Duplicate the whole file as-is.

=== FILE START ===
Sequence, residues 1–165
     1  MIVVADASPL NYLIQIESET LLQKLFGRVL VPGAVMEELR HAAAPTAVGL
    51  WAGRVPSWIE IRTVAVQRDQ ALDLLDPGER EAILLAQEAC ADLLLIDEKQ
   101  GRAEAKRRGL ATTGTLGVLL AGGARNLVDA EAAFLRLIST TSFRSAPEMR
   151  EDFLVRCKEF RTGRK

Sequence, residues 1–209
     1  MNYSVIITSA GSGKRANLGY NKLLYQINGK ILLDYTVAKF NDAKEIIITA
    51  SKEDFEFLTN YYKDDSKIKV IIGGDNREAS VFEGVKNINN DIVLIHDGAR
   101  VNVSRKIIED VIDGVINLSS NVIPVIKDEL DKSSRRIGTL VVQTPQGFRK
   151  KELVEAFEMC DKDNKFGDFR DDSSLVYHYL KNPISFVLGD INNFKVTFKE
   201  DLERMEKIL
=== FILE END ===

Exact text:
Sequence, residues 1–165
     1  MIVVADASPL NYLIQIESET LLQKLFGRVL VPGAVMEELR HAAAPTAVGL
    51  WAGRVPSWIE IRTVAVQRDQ ALDLLDPGER EAILLAQEAC ADLLLIDEKQ
   101  GRAEAKRRGL ATTGTLGVLL AGGARNLVDA EAAFLRLIST TSFRSAPEMR
   151  EDFLVRCKEF RTGRK

Sequence, residues 1–209
     1  MNYSVIITSA GSGKRANLGY NKLLYQINGK ILLDYTVAKF NDAKEIIITA
    51  SKEDFEFLTN YYKDDSKIKV IIGGDNREAS VFEGVKNINN DIVLIHDGAR
   101  VNVSRKIIED VIDGVINLSS NVIPVIKDEL DKSSRRIGTL VVQTPQGFRK
   151  KELVEAFEMC DKDNKFGDFR DDSSLVYHYL KNPISFVLGD INNFKVTFKE
   201  DLERMEKIL